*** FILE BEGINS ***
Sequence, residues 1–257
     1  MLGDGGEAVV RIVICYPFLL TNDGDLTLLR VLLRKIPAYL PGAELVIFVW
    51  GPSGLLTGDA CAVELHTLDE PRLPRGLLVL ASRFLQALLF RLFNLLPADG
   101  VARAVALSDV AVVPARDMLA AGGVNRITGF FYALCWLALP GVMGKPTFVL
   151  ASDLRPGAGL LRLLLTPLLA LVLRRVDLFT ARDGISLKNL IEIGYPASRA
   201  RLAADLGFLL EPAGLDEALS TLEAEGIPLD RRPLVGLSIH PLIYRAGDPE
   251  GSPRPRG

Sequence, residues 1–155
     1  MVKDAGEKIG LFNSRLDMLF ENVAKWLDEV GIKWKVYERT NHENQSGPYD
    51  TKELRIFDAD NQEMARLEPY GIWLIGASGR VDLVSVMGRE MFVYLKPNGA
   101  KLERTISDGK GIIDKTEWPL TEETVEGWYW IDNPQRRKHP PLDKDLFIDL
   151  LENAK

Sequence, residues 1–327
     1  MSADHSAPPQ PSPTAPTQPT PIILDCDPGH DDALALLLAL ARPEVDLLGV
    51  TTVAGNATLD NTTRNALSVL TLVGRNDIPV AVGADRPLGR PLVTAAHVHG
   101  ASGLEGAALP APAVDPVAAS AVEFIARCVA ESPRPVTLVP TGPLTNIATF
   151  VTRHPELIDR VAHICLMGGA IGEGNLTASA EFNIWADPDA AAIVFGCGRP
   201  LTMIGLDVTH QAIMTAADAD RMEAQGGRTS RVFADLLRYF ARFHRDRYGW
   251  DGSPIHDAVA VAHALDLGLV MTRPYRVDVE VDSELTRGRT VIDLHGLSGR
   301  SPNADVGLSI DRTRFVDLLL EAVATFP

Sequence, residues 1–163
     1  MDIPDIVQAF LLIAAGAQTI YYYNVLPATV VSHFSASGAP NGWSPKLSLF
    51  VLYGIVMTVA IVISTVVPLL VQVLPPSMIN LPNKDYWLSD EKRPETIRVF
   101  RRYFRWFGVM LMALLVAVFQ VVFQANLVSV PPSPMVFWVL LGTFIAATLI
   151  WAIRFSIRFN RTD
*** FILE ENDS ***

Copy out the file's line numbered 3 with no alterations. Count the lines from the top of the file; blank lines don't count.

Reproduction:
    51  GPSGLLTGDA CAVELHTLDE PRLPRGLLVL ASRFLQALLF RLFNLLPADG